NEW YORK The Wall Street Journal says its computer systems have been infiltrated by Chinese hackers who were trying to monitor the newspaper's coverage of China.
A spokeswoman for Dow Jones & Co., the newspaper's publisher, says the Journal completed a network overhaul to bolster security on Thursday.
The New York Times reported on Thursday that Chinese hackers repeatedly penetrated its computer systems and stole reporters' passwords. The Times said the hackers were hunting for files on an investigation into wealth amassed by the family of a top Chinese leader.
The Journal didn't address how the hacking of its systems occurred, but it said it has faced such threats from China in recent years. It says the hacking was not an attempt to "gain commercial advantage or to misappropriate customer information."
In the case of The Times, security experts hired to investigate and plug the breach found that the attacks used tactics similar to ones used in previous hacking incidents traced to China, according to the paper. It said the hackers routed the attacks through computers at U.S. universities, installed a strain of malicious software, or malware, associated with Chinese hackers and initiated the attacks from Chinese university computers previously used by the Chinese military to attack U.S. military contractors.
The attacks, which began in mid-September, coincided with a Times investigation into how the relatives and family of Premier Wen Jiabao built a fortune worth over $2 billion. The report, which was posted online Oct. 25, embarrassed the Communist Party leadership, coming ahead of a fraught transition to new leaders and exposing deep-seated favoritism at a time when many Chinese are upset about a wealth gap.
Over the months of cyber-incursions, the hackers eventually lifted the computer passwords of all Times employees and used them to get into the personal computers of 53 employees.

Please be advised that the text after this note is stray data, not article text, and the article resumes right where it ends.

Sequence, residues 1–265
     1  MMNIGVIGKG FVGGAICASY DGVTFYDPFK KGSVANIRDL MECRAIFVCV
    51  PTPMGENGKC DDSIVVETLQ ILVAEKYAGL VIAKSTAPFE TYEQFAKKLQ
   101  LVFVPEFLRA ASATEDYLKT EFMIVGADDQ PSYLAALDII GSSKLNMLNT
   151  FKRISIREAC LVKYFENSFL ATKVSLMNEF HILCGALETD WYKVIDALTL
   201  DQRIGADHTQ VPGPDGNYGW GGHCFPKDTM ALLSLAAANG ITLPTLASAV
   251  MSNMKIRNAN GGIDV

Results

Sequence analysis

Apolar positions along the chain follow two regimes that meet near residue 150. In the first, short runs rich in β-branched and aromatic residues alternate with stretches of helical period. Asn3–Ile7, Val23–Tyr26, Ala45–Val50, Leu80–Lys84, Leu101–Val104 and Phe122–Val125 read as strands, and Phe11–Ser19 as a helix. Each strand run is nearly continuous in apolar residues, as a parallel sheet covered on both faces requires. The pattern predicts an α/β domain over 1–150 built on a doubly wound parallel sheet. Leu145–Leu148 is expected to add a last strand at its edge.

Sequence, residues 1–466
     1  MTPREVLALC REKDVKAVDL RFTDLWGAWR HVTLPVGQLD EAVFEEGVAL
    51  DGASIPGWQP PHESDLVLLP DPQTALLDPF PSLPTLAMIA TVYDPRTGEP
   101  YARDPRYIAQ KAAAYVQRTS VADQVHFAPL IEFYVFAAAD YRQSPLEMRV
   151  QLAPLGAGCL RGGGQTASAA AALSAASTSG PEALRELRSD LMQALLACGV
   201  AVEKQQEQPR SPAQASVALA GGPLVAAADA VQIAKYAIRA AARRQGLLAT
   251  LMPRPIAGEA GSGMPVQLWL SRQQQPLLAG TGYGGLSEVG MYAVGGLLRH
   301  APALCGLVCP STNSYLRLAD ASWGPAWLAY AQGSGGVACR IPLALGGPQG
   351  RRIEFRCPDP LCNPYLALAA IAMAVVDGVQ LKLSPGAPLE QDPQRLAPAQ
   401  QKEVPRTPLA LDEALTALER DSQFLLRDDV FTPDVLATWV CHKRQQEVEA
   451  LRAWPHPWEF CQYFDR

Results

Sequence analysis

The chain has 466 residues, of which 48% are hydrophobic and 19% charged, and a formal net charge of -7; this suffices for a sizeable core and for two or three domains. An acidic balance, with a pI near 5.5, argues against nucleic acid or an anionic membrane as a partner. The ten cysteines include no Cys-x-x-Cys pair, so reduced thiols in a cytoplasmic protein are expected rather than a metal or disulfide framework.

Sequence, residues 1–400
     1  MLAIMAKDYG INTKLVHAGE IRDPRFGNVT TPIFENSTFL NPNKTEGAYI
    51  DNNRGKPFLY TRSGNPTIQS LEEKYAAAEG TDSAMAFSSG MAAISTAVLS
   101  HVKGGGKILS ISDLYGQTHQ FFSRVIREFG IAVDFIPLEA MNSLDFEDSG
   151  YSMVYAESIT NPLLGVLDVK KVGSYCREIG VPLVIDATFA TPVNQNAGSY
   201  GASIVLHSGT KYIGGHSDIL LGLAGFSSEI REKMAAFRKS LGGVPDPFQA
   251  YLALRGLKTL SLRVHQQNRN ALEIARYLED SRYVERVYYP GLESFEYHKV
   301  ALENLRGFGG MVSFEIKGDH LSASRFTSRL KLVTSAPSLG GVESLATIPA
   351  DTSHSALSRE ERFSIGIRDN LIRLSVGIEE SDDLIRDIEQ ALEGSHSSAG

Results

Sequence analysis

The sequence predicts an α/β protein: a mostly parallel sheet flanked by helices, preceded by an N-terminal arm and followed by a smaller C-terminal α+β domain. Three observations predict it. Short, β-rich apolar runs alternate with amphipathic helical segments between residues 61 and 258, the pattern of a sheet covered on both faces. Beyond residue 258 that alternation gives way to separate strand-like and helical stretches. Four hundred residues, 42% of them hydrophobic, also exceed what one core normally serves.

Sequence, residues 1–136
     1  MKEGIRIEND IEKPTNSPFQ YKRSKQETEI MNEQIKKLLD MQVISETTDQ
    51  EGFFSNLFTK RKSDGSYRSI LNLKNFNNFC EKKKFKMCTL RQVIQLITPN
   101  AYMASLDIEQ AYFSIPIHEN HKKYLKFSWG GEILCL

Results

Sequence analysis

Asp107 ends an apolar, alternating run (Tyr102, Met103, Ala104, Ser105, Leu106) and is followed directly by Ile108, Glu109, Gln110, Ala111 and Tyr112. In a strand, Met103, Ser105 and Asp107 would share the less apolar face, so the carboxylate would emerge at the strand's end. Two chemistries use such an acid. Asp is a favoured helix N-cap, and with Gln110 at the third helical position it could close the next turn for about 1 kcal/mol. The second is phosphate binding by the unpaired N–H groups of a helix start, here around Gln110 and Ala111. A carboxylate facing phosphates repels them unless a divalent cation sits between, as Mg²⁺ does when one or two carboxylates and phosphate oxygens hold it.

The report said none of the Times' customer data was compromised and that information about the investigation into the Wen family remained protected, though it left unclear what data or communications the infiltrators accessed.
"Computer security experts found no evidence that sensitive emails or files from the reporting of our articles about the Wen family were accessed, downloaded or copied," the report quoted executive editor Jill Abramson as saying. A Times spokeswoman declined to comment further.
The Chinese foreign and defense ministries called the Times' allegations baseless, and the Defense Ministry denied any involvement by the military.
"Chinese law forbids hacking and any other actions that damage Internet security," the Defense Ministry said in a statement. "The Chinese military has never supported any hacking activities. Cyber-attacks are characterized by being cross-national and anonymous. To accuse the Chinese military of launching cyber-attacks without firm evidence is not professional and also groundless."
China has been accused by the U.S., other foreign governments and computer security experts of mounting a widespread, aggressive cyber-spying campaign for several years, trying to steal classified information and corporate secrets and to intimidate critics. Foreign reporters and news media, including The Associated Press, have been among the targets of attacks intended to uncover the identities of sources for news stories and to stifle critical reports about the Chinese government.
"Attacks on journalists based in China are increasingly aggressive, disruptive and sophisticated," said Greg Walton, a cyber-security researcher who has tracked Chinese hacking campaigns. China's cyber-spying efforts have excelled in part because of the government's "willingness to ignore international norms relating to civil society and media organizations," he said.
The Times reported that executives became concerned just before the publication of the Wen investigation after learning that Chinese officials had warned of unspecified consequences. Soon after the Oct. 25 publication, AT&T, which monitors the Times' computer networks, notified the company about activity consistent with a hacking attack, the report said.
After months of investigation by the computer security firm Mandiant, experts are still unsure how the hackers initially infiltrated the Times' computer systems, the report said.